So why did Bill Graham kick them off stage all those years ago? Was it the controversial lyrical stance? Was it the Garn’s overwrought macho singing style? No, I don’t believe so. And brain dead bluster was a common enough lyrical style in ‘69/’70 for no fucker to have given a damn. No, it was probably that they were simply a pile of living shit when it came to playing on stage. For a start, John Garner was a singing drummer. This in itself is almost a crime against rock unless you’re the greatest genius that ever roamed the planet – and even Iggy had to put down his drumsticks before he became the Pop we know and love. If you are a singing drummer, you can wield enormous power and slow songs up in really unlikely places, then hang ‘em up for hours while you growl through particularly meaningful bits, like Joey Smith did so successfully with Speed, Glue & Shinki. But John Garner and Joey Smith are still the only two I know who got it right, and Bill Graham’s Fillmore antics kinda proves Sir Lud weren’t the live force they were on record.
The other possible negative aspect of Sir Lud Live woulda been the formidable assault course of multi-tracking which Louis Dambra put his guitar through. We ain’t exactly talking guitar-bass-drums on this record. Brother Louis builds it and builds it so intricately that the original guitar is almost un-locate-able under the sheer weight of otherness. By the second LP, he’d even got his kid brother in to do some supporting licks. Indeed, it was surely Louis Dambra’s collection of riff-upon-riff-upon-riff-upon-riff which gave this album its stupendous drive. Even the Misunderstood or the Page’n’Beck Yardbirds never managed the sustained sonic assault which Dambra attains on this Eddie Kramer-produced throbfest.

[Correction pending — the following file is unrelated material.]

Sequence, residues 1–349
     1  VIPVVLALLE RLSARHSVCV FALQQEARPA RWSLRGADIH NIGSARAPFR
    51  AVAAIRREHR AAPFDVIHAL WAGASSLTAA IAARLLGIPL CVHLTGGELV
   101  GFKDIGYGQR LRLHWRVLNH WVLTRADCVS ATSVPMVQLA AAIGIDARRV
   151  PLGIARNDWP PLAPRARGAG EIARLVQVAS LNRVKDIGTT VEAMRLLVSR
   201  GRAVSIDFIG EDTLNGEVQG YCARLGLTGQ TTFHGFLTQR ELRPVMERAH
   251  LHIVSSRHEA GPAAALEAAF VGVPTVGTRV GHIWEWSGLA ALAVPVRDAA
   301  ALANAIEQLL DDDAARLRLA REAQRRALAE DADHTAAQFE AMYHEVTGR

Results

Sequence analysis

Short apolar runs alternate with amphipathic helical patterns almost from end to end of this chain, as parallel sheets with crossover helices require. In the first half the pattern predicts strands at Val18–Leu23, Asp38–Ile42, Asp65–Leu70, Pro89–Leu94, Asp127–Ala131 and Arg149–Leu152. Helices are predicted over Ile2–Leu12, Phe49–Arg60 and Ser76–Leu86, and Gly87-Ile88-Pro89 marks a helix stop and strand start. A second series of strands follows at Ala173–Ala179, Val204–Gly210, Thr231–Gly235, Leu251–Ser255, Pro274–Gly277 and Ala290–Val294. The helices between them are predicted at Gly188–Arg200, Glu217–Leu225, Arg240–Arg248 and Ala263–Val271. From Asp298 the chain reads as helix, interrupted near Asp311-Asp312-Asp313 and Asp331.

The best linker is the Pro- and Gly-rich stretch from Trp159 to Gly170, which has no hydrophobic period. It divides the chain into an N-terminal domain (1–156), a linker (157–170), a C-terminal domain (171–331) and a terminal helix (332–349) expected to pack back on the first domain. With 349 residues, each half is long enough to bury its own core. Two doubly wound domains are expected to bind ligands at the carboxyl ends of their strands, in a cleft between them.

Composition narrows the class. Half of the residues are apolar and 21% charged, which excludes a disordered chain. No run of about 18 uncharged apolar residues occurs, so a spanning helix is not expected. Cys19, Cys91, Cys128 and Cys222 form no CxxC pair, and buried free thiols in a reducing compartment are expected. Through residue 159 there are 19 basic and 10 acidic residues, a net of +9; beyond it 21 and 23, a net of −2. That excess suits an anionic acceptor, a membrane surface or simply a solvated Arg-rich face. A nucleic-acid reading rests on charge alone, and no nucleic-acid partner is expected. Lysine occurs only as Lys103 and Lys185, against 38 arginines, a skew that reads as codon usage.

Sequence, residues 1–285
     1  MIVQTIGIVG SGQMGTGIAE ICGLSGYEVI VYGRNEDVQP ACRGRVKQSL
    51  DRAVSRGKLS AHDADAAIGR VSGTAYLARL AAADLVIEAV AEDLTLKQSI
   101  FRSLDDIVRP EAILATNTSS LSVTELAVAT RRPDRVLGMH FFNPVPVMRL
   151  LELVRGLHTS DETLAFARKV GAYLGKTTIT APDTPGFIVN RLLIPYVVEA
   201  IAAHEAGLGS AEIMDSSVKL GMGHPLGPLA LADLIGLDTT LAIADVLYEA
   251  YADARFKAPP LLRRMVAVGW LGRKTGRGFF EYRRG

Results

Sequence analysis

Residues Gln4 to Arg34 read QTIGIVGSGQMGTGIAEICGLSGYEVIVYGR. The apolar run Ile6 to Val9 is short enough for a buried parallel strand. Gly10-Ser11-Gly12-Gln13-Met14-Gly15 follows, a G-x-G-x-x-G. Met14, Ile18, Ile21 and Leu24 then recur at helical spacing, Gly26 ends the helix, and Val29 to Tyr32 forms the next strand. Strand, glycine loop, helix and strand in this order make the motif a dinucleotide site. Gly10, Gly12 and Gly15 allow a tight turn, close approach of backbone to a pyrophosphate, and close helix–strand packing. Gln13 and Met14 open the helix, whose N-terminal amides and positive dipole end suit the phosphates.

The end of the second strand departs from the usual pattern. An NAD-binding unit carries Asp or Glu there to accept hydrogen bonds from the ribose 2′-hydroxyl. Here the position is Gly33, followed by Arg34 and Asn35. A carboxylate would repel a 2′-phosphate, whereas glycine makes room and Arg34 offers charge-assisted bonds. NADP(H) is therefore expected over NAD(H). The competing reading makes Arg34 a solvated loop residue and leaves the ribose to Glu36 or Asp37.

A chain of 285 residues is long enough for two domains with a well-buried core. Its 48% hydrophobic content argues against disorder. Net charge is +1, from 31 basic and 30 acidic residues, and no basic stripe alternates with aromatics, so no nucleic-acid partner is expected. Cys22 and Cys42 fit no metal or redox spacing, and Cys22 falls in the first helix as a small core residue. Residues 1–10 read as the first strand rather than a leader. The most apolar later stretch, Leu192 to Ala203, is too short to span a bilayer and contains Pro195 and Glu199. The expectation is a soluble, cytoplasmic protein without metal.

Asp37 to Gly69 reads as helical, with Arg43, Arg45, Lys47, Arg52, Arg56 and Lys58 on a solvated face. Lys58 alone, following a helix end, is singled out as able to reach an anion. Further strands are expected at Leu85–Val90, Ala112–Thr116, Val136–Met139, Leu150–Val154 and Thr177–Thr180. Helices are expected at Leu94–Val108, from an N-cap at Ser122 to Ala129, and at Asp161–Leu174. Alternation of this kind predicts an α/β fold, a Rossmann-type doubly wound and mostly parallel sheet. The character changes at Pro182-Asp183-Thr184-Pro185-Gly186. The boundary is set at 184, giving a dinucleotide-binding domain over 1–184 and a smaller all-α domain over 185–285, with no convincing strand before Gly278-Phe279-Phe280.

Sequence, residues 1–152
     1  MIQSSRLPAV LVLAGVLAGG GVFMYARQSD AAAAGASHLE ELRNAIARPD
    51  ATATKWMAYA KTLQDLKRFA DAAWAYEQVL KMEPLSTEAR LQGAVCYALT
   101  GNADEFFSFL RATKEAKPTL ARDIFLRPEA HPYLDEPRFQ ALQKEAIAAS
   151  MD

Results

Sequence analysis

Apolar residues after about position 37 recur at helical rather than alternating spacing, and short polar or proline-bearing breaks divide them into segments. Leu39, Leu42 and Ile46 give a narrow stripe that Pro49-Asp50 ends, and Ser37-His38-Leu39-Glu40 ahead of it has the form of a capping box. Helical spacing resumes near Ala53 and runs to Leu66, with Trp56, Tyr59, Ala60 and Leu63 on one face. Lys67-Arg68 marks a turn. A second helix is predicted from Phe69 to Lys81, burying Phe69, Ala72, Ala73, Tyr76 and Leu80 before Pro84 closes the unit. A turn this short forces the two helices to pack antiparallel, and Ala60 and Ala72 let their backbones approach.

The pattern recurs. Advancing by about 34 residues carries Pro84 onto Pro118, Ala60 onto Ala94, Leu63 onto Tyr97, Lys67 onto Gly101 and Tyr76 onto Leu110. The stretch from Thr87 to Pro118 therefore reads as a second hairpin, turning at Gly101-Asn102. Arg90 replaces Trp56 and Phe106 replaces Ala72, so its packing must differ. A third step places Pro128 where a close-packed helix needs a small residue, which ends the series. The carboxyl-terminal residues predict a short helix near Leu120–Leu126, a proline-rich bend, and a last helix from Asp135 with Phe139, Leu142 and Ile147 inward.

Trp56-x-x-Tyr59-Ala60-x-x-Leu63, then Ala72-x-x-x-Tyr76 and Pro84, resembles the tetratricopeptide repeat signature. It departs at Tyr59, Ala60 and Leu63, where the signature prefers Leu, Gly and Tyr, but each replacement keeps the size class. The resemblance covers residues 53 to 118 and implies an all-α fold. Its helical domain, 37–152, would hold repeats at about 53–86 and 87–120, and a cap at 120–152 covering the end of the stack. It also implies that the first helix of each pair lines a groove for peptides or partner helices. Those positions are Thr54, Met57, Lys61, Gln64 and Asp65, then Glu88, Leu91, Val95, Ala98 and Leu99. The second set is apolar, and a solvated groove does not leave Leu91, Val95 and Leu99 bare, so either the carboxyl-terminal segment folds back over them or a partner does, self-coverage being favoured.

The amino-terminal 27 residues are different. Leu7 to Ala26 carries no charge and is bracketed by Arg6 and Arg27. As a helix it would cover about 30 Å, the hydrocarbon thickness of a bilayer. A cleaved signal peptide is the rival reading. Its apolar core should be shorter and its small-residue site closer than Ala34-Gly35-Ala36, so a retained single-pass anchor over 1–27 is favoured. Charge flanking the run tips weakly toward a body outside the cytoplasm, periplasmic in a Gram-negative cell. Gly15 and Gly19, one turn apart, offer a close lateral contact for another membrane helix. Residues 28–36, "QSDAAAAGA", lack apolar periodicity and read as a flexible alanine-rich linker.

I could write 20,000 words about this one album (and probably will one day), but for now you must know (or rather ‘Knowwwwurghhhh!’) that there was a time around 1969/1970 when Sir Lord Baltimore managed to fuse the Stooges’ primeval ‘TV Eye’ free-rock with Van Halen’s version of ‘You Really Got Me’ and Blue Cheer’s ‘Come & Get It’ without missing a beat. Besides, who had titles like ‘Helium Head’ in 1970? Sir Lord Baltimore did. And while you’re trying to figure out the morass of amphetamine soup they called ‘Pumped Up’, they pull the musical rug from under you and leave Louis Dambra’s bucking bronco guitar rearing alone and uncontrolled. No drum and bass. Nothing.
The album isn’t perfect, but it’s short. Indeed, it’s exactly the same length as the first four Van Halen albums were: 17 minutes per side. Excellent. Yes, there’s a terrible acoustic song on side one and I even used to think that the title track itself sucked big logs. But really, it just as good as the rest, just more painful and strung out and more of everything. So, M’Luds, Ladies and Gentlemen, I here present you an album of sublime rock’n’roll – excruciatingly and gratingly sublime, and that’s a fact.” — Julian Cope
A1 Master Heartache 4:35
A2 Hard Rain Fallin’ 2:55
A3 Lady Of Fire 2:50
A4 Lake Isle Of Innersfree 4:03
A5 Pumped Up 4:03
B1 Kingdom Come 6:40
B2 I Got A Woman 3:00
B3 Hell Hound 3:17
B4 Helium Head (I Got A Love) 4:00
B5 Ain’t Got Hung On You 2:20